Pleas for rain:

Now we are worried since we are very close to the harvest and we are hoping for some rain to have some juice in the grapes…If we get 20mm (20L/m^2) 10-15 days before the harvest that’s good. The reaction of the vines is very fast and we can take advantage of that. Without that, I think it’s another 10-15% less

Difference between grape varieties:

There’s not much difference actually. Folle Blanche is really sensitive to sunburn…For the Ugni Blanc, we pass through the vine less with the tractor to keep more leaves and branches to cover the grapes like an umbrella. We have larger leaves with the Ugni Blanc than with the Folle Blanche, so there is less damage with the Ugni Blanc.

Impact on the wine:

There is going to be a lack of acidity and probably high alcohol content, so the wine for the Cognac risks to not be very well balanced. We will most likely have to harvest earlier.

Pasquet Cognacs

Conclusion

It is important to remember that the Cognac region’s producers are first and foremost vignerons - winemakers in English. Without vines and grapes, there is no wine, and without wine there is no Cognac.

Too often discussions become denominated about what is going on in the Cognac producer’s cellar - and we cannot deny its importance - but healthy grapes are everything for the production of quality eau-de-vie.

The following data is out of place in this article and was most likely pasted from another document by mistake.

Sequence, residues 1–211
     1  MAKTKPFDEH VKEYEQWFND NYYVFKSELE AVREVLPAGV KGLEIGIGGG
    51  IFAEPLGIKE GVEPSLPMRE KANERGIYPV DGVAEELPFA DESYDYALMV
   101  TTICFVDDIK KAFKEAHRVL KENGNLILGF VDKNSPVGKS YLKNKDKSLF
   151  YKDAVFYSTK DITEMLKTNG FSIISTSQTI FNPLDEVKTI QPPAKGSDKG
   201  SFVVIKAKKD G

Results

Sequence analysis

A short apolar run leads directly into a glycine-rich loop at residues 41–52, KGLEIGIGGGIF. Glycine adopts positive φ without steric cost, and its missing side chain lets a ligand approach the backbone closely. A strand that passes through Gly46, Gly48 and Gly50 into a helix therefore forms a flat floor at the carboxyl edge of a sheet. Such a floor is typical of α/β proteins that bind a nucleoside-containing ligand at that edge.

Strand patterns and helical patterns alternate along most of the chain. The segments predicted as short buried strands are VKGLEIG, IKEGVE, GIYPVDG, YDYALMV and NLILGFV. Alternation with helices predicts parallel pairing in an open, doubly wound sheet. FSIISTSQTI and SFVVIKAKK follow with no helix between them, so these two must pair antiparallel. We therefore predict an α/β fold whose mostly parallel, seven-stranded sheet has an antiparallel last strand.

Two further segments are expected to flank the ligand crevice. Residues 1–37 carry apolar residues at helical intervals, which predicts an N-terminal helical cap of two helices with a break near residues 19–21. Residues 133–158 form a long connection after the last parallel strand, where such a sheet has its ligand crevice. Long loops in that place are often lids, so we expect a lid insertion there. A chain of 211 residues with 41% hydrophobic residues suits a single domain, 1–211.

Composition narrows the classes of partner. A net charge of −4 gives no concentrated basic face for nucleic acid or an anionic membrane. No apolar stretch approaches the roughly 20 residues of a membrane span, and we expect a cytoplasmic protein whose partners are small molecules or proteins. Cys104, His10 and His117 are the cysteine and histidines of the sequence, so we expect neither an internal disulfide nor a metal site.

The climatic challenges faced by producers are real and seem to become more frequent and intense as the years go by. Still, the skill and resourcefulness of the winemaker will inevitably lead to get wine, and thankful beautiful Cognacs for years and years to come.

In a difficult year like 2022, let’s make an effort to support those producers whose efforts in the vineyards have been hampered by mother nature.

Cheers!

Cognacs from vignerons

Of course, André Petit or Cognac Pasquet are not the only ones who have suffered from 2022's blistering heat. Some other fantastic grower-distillers are the following.

Product added to wishlist
Product added to compare.
To give you the best possible experience, this site uses cookies and by continuing to use the site you agree that we can save them.  Our Privacy Policy
You have successfully followed this brand